Wealthy Americans are concealing large amounts of income from the I.R.S. There is a very easy way to fix that.
When During World War II, the federal government started withholding income taxes from workers’ paychecks. The withholding system remains the cornerstone of income taxation, effectively preventing Americans from lying about wage income. Employers submit an annual W-2 report on the wages paid to each worker, making it hard to fudge the numbers.
But the burden of taxation is increasingly warped because the government has no comparable system for verifying income from businesses, including small business of only one person. The result is that most wage earners pay their fair share while many others engage in blatant fraud at public expense.
The Internal Revenue Service estimated that Americans report less than half of all income that is not subject to some form of third-party verification like a W-2. Billions of dollars in business profits, rent and royalties are hidden from the government each year. By contrast, more than 95 percent of wage income is reported.
This unreported income likely amounts to more than $600 billion this year of lost revenue that wage earners are forced to cover. The government has an obligation to enforce the law and to crack down on this epidemic of tax fraud. One pragmatic solution would be to require banks to produce an annual account statement totaling inflows and outflows, much like the 1099 tax forms that most of us receive each year. Another would be to crack down on off-shore banks that hide trillions of unreported income. These solutions would be implemented only for people above a certain income, but also ensure that small business pay their taxes too. The proposal would not increase the amount anyone owes in taxes. It would, instead, increase the amount paid in taxes by those who are currently cheating. If this were implemented it is likely that it would scare people into doing what they should have done anyway.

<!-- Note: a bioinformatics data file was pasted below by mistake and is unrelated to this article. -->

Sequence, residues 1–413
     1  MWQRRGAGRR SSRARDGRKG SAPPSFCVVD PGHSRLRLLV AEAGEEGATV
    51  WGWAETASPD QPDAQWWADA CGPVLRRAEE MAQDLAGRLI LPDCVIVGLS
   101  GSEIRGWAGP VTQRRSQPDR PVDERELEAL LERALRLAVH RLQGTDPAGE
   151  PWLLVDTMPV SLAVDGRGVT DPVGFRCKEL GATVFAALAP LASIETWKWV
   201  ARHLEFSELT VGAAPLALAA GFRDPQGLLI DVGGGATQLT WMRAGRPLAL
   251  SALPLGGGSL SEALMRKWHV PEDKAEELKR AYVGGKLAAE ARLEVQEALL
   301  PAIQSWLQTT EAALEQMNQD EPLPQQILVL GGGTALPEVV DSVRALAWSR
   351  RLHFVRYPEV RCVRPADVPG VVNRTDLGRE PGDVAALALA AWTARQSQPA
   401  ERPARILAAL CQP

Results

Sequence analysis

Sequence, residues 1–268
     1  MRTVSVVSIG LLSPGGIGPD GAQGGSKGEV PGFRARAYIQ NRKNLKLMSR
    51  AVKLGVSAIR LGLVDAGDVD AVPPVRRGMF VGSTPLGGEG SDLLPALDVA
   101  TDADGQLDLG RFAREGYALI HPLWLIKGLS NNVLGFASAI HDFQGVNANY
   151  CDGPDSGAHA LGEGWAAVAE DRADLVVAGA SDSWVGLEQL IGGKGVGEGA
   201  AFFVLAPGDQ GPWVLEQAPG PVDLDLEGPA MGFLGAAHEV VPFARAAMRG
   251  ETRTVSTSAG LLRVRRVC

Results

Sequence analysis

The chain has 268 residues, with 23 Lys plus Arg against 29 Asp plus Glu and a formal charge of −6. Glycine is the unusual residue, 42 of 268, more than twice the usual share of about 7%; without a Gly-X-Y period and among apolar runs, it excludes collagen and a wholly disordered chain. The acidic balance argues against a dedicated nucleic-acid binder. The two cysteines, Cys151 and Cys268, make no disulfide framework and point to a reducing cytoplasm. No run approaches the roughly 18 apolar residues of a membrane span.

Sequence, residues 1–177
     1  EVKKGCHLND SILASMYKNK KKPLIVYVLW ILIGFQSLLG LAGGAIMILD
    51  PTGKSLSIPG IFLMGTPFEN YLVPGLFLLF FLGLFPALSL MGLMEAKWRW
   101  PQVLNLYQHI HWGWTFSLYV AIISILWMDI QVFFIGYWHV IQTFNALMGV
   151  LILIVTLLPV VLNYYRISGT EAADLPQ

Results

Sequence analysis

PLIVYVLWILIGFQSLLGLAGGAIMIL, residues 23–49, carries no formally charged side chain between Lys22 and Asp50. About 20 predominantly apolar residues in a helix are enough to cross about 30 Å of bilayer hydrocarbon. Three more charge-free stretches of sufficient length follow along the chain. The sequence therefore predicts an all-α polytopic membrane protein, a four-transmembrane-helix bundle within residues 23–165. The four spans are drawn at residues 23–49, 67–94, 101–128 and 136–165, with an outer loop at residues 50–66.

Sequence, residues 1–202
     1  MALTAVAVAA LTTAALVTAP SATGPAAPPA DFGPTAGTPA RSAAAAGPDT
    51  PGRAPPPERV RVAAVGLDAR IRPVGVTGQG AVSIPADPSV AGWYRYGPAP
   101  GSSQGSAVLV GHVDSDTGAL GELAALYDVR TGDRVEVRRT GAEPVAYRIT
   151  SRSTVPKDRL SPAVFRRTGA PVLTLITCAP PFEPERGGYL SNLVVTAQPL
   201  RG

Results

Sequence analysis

One thing that needs to happen to take full advantage of the “new” corporate 1099s is to make a significant investment in upgrading the I.R.S.’s outdated computer systems, and in hiring enough qualified workers hold accountable those who cheat.
Congressional Republicans, unable to get public support for reductions in federal spending, have pursued that goal indirectly by constraining federal revenue, by hacking away at the I.R.S.’s budget. As usual, that Republican idea seems counterproductive. The share of all tax returns subject to an audit declined by 46 percent from 2010 to 2018, according to the CBO. For millionaires, the decline in the audit rate was 61 percent. Today, the government employs fewer people to track down deadbeats than at any time since the 1950s.
If these changes were implemented it would allow the agency to collect up to $1.4 trillion in lawful tax revenue that otherwise would go uncollected. This solution seems like a very logical way to crack down on crime, improve the equity of taxation, and in the process to raise the needed money for such things as infrastructure improvements and education.
We don’t need new taxes, let’s just start collection what people already owe.